Steve McQueen’s Pontiac Trans Am From The Hunter Emerges From a Barn

Car Culture December 20, 2018 by

Earlier this year Ford showed off the original 1968 Mustang GT-390 from Bullitt it found on a farm in California. Now, another classic Steve McQueen film car has resurfaced.

Unlike the GT-390, the latest find isn’t from the most iconic of films. It’s a 1979 Pontiac Trans Am that co-starred with McQueen in the film The Hunter.

In The Hunter, McQueen plays the role of real-life bounty hunter Ralph “Papa” Thorson. It’s the typical action flick, but it’s notable for two reasons. The first is that it’s McQueen’s last picture, as he passed away a few months after its release. The second is that it’s one of the only movies where McQueen isn’t a gearhead.

The story goes the real Thorson didn’t have an affinity towards cars. To fully embrace the role McQueen wanted to stay in character which meant forgoing any car guy traits.

The lack of driving ability is obvious as soon as the Trans Am enters the scene. Thorson picks up the car from a rental agency and then proceeds to struggle with the gears. He even mistakenly puts the car in reverse while trying to get out of the parking lot.

From there, Thorson goes to track down a pair a bail jumpers. Like many McQueen flicks, a chase ultimately ensues with the baddies taking over the Trans Am. Thinking quick on his feet, Thorson then takes over a combine harvester.

The chase takes both the harvester and the Trans Am through a cornfield. We know that the Trans Am didn’t have the best of engines, managing only 220hp from a 6.6-liter V8. But still, a combine isn’t really the fastest thing either.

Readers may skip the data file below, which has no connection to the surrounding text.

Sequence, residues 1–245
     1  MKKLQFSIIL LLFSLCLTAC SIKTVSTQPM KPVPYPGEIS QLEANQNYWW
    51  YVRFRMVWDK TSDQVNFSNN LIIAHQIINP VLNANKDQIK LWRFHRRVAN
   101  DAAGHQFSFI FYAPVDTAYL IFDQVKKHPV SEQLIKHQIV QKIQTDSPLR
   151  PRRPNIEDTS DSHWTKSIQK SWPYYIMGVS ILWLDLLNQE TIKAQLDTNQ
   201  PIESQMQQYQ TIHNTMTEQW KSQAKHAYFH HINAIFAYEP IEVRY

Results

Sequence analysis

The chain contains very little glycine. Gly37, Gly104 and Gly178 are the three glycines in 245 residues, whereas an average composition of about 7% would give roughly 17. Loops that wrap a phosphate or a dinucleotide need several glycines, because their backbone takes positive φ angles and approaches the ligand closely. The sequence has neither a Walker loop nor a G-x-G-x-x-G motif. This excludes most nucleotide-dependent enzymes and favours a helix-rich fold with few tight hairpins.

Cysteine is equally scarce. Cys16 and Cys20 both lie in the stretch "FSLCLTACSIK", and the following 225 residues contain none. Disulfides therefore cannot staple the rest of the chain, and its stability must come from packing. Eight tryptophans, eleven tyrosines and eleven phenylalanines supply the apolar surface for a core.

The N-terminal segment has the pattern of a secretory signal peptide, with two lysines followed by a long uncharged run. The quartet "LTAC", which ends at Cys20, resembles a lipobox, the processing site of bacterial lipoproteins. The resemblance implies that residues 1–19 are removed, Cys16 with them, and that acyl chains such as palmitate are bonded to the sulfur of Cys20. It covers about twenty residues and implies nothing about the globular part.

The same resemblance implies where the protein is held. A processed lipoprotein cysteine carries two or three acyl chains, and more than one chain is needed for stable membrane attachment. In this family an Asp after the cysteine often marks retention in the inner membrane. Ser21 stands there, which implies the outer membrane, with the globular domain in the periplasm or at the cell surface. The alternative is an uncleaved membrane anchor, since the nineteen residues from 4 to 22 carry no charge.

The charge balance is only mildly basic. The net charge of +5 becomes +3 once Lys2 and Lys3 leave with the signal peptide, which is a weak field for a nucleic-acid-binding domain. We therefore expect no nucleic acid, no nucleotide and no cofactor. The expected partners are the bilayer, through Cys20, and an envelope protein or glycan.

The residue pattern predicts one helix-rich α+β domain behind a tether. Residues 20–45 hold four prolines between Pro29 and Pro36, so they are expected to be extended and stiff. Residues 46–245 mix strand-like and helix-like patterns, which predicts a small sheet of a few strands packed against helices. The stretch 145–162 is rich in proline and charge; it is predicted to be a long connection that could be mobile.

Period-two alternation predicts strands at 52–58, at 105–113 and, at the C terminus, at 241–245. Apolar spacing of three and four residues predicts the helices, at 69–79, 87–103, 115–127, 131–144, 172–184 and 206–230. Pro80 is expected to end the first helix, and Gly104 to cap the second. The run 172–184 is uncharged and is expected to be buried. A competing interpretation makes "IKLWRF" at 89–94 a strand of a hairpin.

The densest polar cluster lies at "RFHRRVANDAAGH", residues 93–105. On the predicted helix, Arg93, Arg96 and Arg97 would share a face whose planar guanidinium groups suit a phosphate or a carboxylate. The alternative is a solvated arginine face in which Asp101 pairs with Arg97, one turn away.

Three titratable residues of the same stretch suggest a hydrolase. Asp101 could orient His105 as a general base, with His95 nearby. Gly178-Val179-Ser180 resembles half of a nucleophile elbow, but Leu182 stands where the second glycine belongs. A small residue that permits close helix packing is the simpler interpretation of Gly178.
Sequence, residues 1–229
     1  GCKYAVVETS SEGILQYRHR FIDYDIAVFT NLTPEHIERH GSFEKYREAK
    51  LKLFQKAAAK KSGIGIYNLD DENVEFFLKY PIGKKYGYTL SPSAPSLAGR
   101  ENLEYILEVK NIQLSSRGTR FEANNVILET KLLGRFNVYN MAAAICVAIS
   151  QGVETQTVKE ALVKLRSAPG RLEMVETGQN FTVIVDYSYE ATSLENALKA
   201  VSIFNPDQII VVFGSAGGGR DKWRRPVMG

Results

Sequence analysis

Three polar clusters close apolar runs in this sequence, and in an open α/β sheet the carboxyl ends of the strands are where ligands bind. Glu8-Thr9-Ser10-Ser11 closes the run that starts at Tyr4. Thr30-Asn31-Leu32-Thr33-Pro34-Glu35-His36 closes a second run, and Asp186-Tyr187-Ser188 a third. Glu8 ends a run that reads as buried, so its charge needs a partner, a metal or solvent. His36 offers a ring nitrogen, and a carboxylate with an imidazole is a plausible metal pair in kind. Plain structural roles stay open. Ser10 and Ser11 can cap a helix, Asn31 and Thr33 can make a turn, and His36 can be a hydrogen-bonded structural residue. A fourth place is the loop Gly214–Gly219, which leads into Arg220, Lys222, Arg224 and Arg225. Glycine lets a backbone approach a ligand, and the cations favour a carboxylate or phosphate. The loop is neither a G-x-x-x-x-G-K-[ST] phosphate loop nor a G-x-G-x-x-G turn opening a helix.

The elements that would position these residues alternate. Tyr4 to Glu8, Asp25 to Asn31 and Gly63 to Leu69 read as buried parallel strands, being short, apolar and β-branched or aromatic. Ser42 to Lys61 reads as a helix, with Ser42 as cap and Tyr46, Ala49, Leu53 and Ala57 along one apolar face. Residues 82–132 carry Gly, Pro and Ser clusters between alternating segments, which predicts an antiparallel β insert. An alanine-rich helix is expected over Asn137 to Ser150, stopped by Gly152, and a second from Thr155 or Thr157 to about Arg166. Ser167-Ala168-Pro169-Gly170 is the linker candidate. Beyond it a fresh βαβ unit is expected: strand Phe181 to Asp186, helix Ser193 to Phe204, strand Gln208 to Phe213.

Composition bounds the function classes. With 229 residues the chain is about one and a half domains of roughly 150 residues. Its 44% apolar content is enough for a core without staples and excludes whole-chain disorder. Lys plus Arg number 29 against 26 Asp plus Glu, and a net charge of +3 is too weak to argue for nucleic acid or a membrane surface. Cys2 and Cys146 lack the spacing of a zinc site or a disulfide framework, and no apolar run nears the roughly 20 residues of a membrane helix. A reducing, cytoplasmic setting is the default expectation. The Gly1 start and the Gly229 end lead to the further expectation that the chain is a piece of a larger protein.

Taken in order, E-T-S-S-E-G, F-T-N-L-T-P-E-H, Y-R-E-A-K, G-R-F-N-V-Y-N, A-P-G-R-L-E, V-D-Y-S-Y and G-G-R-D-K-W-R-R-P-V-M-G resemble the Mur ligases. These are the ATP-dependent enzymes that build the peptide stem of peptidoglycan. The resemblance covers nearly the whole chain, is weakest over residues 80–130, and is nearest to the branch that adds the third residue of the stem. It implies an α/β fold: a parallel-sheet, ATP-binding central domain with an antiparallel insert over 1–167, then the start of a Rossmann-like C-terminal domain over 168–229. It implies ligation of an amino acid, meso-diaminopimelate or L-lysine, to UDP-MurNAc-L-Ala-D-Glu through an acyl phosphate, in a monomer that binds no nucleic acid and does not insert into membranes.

Still, it makes for an entertaining chase scene.

Unfortunately, the Trans Am meets its end when the bad guys end up driving over dynamite. As you’d expect the car explodes in only the way an action film can deliver, which is in a glorious fashion.

This is where the story of the recently found car comes in.

When filming started, Pontiac sent the film crew six different Trans Ams for shooting. One of those was set aside for the explosion scene. Unfortunately, when they went to shoot the scene, it didn’t go so well. This meant the crew needed to find another car.

They turned to Peter Levin Pontiac in Chicago, Illinois to buy a Trans Am off the lot. The explosion with that car went much better and ultimately ended up in the movie.

During the course of filming, the crew met a local farmer by the name of Harold McQueen. While no relation to Steve, McQueen befriended the crew and began to help out. He even offered up the services of his truck to haul away two destroyed Pontiacs.

As payment for his service of hauling away the junk cars, Paramount ended up just giving McQueen the Trans Am. However, there was a bit of an issue, it belonged to General Motors and did not have a VIN.

After a bunch of back and forth between Paramount, McQueen, and GM, he ultimately ended up keeping the car. It found its way into a barn with the hopes of one day being restored.

That day never came and one of Harold McQueen’s friends, Stan Harvell, eventually contacted him to see if he could buy the car. McQueen was open to the idea and Harvell then contacted his friend Calvin Riggs. Together they bought the car.

Now the car sits at Riggs’ dealership, Carlyle Motors, in Houston, Texas.

It’s not for sale though, at least not yet anyway. The plans going forward are still up in the air, but chances are the Trans Am will get a proper restoration.

That will take a bunch of work too. After the filming of The Hunter, the crew took various bits off the car as mementos. As a result, it’s missing much of its body and badging. Also, living in a barn for nearly 40 years did a number on it too.

If and when the restoration is complete and if it does go up for sale, the price will be high. Being a film car, it adds a hefty premium anyway, but the McQueen connection is icing on the cake and will drive the price even higher.

Hopefully, the Trans Am gets back to showroom fresh and the legacy of McQueen continues to live on.

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